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Understanding Carbon to Nitrogen Ratios Pays Yield Dividends

01 Nov 2019
by AGI SureTrack Team

POSTED IN Soil Health
POSTED IN crop health
POSTED IN soil efficiency
POSTED IN soil nutrients
POSTED IN Carbon : Nitrogen Ratio

Understanding Carbon to Nitrogen Ratios Pays Yield Dividends

Understanding Carbon to Nitrogen Ratios Pays Yield Dividends

Cover crops aren’t a new concept in agriculture production; they are only being revisited in modern practices as producers look at ways to reduce input costs and increase productivity through healthier soils.

For decades, legumes were implemented into a crop rotation to fix nitrogen for the upcoming crop. As an additional benefit, legumes also helped maintain soil structure, and mitigated at least a fraction of the damage done by implemented tillage practices.

Today, forward thinking producers are looking back, using new knowledge combined with conventional practices to create a cocktail of minimal input, natural amendments to increase yields and improve soil health—enter the interest in a soil’s carbon to nitrogen ratio.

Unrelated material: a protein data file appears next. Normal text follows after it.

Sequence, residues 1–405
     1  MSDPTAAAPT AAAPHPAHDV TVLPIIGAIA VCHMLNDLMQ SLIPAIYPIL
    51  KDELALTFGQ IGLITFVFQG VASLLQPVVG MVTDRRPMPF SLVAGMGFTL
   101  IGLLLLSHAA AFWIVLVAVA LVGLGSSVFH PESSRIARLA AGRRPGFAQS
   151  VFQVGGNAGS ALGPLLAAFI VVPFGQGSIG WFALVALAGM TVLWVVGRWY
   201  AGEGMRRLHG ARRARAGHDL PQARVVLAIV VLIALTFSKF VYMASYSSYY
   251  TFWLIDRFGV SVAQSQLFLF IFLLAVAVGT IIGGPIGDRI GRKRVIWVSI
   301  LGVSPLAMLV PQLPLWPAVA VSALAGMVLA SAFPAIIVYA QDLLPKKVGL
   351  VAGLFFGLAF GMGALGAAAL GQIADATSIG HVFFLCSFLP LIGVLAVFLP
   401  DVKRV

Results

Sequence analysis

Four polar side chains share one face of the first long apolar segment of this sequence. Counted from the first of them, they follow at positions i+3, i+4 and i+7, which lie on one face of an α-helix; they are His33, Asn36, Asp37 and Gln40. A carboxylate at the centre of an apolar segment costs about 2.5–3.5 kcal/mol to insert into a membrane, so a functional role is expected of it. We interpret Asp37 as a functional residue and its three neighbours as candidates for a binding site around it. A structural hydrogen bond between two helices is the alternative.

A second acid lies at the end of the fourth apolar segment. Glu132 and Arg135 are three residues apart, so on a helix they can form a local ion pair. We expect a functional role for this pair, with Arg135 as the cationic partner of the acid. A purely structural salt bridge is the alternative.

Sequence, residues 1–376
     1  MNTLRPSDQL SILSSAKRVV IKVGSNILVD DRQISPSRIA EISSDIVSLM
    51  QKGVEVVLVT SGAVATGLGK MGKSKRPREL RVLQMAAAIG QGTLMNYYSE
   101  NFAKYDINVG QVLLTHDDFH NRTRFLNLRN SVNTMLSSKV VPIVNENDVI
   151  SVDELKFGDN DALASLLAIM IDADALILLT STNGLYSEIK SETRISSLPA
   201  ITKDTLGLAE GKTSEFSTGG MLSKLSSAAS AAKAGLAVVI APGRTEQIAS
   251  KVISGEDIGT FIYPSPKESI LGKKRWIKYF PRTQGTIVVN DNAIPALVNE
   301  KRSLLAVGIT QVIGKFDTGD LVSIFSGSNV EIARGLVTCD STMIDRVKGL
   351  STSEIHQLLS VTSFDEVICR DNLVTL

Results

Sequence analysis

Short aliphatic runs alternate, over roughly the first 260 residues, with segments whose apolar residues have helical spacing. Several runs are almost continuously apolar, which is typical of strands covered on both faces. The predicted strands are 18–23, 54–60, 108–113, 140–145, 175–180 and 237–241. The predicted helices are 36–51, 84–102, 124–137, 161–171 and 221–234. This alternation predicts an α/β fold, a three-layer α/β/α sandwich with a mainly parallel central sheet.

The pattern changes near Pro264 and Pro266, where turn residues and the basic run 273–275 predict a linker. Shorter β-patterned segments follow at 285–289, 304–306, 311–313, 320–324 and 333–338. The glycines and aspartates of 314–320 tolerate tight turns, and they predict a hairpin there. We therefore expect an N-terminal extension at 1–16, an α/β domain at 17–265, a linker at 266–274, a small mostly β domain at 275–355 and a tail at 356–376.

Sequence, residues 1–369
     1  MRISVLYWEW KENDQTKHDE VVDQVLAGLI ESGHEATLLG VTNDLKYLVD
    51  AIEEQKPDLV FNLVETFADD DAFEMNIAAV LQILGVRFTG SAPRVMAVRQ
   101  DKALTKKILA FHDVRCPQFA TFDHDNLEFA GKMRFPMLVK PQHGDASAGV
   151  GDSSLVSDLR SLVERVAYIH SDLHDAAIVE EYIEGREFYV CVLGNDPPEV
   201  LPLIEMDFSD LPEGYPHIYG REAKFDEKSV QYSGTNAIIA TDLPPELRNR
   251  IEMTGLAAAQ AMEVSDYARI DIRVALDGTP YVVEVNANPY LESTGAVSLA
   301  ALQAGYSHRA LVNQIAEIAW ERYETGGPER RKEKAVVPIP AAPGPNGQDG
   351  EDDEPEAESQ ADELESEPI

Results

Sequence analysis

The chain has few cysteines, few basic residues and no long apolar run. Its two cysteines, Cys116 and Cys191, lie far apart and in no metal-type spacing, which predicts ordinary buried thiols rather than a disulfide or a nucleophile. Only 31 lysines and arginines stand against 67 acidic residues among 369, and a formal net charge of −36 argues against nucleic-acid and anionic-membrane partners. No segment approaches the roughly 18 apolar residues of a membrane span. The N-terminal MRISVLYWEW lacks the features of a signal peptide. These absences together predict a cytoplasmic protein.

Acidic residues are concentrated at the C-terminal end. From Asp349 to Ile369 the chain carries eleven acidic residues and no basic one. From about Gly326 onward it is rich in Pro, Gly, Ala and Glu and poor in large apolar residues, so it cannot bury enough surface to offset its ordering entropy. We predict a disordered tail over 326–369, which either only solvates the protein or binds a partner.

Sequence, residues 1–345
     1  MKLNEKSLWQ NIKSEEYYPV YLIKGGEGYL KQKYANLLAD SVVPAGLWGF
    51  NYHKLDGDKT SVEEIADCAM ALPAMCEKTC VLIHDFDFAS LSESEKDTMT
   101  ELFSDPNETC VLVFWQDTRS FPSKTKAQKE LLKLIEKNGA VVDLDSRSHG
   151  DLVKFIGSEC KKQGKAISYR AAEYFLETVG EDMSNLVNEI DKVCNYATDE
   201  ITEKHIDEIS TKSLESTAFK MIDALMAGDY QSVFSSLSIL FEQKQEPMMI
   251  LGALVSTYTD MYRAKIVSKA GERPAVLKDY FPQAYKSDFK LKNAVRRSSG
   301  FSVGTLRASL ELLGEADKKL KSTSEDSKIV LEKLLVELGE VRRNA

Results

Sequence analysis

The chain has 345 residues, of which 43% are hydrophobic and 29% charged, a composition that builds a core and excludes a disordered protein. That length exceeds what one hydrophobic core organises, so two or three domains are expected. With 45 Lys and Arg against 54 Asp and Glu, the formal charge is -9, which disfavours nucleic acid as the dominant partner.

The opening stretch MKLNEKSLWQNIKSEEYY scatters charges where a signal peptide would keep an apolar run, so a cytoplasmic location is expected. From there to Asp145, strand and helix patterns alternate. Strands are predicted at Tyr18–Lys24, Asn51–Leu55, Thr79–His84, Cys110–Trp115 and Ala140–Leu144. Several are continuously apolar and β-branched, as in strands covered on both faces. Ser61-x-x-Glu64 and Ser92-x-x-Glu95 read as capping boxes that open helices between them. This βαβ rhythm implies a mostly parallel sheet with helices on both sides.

Soil microorganisms have an 8:1 carbon to nitrogen ratio, but because of the perpetual intake and expelling of waste, they need a 24:1 ratio to survive; of this ratio, the microorganisms will use 16 for energy and 8 for maintenance.

The higher the C:N ration the more time it takes microorganisms to break down and the more N is needed from another source…the soil. And the ratio can have a significant effect on the rate at which residue breaks down and soil and crop nutrient cycling occurs. The higher the ratio climbs from the optimal 24:1, the more nitrogen microbes must pull from the soil; conversely, the lower a ratio falls from 24:1, the more rapidly microorganisms will decompose the residue and the greater the available nitrogen release will be for the current or following cash crop.

However, keep in mind, that while a lower C:N ratio will speed the breakdown of residue and increase available nitrogen…the breakdown of residue will likely leave your soil exposed to the elements.

Knowing this information puts a producer at an advantage when looking at which cover crops to plant in a cash crop rotation – and how much nitrogen to apply for the cash crop.

To help producers in their cover crop and organic matter amendment decision making, the National Resources Conservation Service has put together a list of the C:N ratios of crop residues and other organic materials.